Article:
Amidst mounting renovations on South Campus, Afrikan Heritage House has been temporarily moved from its historical location in Lord House to Bailey House. The move has resulted in awkward, uncomfortable, and sometimes harmful interactions between non-Black, usually white students and staff and Black students, to the point where Black students are expected to justify their need for a safe space.
Upon our arrival to Bailey House, many students found the building to be astonishingly filthy. College third-year Qayyum Ogunsanya’s room bordered on gruesome.
“It was actually disrespectful in a way,” Ogunsanya said. “Like being gone all that time — excited to be back with the community — and to have that all go away as soon as I opened my door. I mean c’mon, eggs on the windowsill, Band-Aids on desks, garlic and mayo in bags, and no one cleaned? No one told me? I felt disrespected, for real. Which ain’t new for Oberlin, but, damn, they need to do better.”
When Ogunsanya went to the Office of Residential Education about this problem, they told him they had switched his room and forgotten to tell him. Yet, this room was not the only room with items left in it. Another room had a drawer full of books left behind, and a few others were reported to have food and trash in them. The fact that these items were left by the person who was in the room before, in addition to the space not being properly cleaned before we moved in, is disheartening.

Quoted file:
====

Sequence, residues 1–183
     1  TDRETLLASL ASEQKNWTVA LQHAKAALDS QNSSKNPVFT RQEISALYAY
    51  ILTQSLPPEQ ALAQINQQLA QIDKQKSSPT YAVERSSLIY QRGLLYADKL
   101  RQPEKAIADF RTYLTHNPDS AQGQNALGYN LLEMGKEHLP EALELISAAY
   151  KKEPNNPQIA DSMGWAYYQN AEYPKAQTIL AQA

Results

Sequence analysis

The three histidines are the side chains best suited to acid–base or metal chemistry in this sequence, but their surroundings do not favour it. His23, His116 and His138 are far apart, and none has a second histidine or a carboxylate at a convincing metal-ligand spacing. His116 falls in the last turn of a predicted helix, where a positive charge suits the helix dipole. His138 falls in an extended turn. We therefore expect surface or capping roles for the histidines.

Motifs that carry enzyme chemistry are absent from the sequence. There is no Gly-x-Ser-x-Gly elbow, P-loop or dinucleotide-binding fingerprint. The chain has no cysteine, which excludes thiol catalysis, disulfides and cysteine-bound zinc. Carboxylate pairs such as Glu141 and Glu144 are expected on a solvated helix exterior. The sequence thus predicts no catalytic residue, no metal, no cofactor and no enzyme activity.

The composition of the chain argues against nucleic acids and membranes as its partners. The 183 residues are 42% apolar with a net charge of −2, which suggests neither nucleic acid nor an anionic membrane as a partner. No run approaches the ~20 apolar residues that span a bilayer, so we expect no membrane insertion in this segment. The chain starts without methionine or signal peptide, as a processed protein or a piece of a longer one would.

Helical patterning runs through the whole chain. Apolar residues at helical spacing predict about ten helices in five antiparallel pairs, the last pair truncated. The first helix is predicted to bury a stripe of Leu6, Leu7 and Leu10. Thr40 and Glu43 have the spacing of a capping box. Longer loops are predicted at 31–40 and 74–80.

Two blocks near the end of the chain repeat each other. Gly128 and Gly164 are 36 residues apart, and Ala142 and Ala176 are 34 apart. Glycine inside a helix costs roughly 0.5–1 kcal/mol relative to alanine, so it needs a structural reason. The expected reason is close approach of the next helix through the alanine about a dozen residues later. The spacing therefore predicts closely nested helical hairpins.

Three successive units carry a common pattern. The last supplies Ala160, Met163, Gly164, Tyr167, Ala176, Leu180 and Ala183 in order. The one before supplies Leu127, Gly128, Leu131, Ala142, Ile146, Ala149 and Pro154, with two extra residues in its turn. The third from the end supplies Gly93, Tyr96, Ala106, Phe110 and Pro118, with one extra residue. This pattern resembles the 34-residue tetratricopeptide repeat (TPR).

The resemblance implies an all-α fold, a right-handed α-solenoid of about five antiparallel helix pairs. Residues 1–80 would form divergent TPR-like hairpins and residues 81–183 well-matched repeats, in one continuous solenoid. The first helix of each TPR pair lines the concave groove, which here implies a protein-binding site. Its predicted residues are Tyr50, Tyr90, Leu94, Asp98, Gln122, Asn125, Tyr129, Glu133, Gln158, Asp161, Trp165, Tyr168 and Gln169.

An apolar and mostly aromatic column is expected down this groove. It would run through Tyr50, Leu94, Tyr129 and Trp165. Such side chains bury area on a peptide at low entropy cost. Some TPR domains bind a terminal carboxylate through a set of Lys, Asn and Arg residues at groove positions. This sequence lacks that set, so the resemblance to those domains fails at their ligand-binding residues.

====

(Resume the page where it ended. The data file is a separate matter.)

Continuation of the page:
Despite our sour first impression, living in Bailey House has been very fun so far. The lounge has AC, so lots of people spend their time there. There is a ping-pong table, a nice TV, and a wonderful table that residents utilize for doing homework and eating. We added some artwork to the lounge and around the house that reminded us of Lord House so we would feel more at home. That has been a nice touch to the space.
Another factor students have been aware of is that Bailey House normally serves as French program housing, and it is not lost on residents living there this summer that the French have a complicated relationship with the global Black community. They participated in the transatlantic slave trade and colonized several countries in Africa. Although political independence has been achieved in most of these places, the French still maintain various levels of economic and political control over these countries, and in some instances, continue to benefit from the exploitation of these colonized peoples. Colonialism is not a thing of the past, and it is now our responsibility to reckon with our place in this space.
The fact that we were able to have A-House and continue to build community this summer has been a huge blessing with its own unique trials. Black students continue to fight for the better treatment of all students on this campus, and we deserve to live together in peace while feeling protected and cared for. It has been a new experience living on North Campus, and it is nice to gain a new perspective of campus life. All we ask is that our space — no matter where it physically resides on campus — is respected along with all of us who live there.